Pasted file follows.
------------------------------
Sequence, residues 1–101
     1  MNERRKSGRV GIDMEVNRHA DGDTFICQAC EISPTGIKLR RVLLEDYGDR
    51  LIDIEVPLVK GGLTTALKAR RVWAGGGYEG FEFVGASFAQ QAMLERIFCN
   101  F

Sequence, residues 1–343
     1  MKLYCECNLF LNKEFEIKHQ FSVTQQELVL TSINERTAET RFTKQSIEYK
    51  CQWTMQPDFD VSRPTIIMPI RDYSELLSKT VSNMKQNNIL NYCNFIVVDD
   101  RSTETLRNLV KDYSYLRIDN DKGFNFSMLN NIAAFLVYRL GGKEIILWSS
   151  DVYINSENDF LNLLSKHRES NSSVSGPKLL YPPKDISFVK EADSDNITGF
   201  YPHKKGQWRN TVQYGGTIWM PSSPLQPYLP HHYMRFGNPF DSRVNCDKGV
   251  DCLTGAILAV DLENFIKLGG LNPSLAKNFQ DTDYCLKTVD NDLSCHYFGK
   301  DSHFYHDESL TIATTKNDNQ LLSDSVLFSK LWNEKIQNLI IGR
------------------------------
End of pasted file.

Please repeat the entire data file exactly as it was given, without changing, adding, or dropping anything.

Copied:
Sequence, residues 1–101
     1  MNERRKSGRV GIDMEVNRHA DGDTFICQAC EISPTGIKLR RVLLEDYGDR
    51  LIDIEVPLVK GGLTTALKAR RVWAGGGYEG FEFVGASFAQ QAMLERIFCN
   101  F

Sequence, residues 1–343
     1  MKLYCECNLF LNKEFEIKHQ FSVTQQELVL TSINERTAET RFTKQSIEYK
    51  CQWTMQPDFD VSRPTIIMPI RDYSELLSKT VSNMKQNNIL NYCNFIVVDD
   101  RSTETLRNLV KDYSYLRIDN DKGFNFSMLN NIAAFLVYRL GGKEIILWSS
   151  DVYINSENDF LNLLSKHRES NSSVSGPKLL YPPKDISFVK EADSDNITGF
   201  YPHKKGQWRN TVQYGGTIWM PSSPLQPYLP HHYMRFGNPF DSRVNCDKGV
   251  DCLTGAILAV DLENFIKLGG LNPSLAKNFQ DTDYCLKTVD NDLSCHYFGK
   301  DSHFYHDESL TIATTKNDNQ LLSDSVLFSK LWNEKIQNLI IGR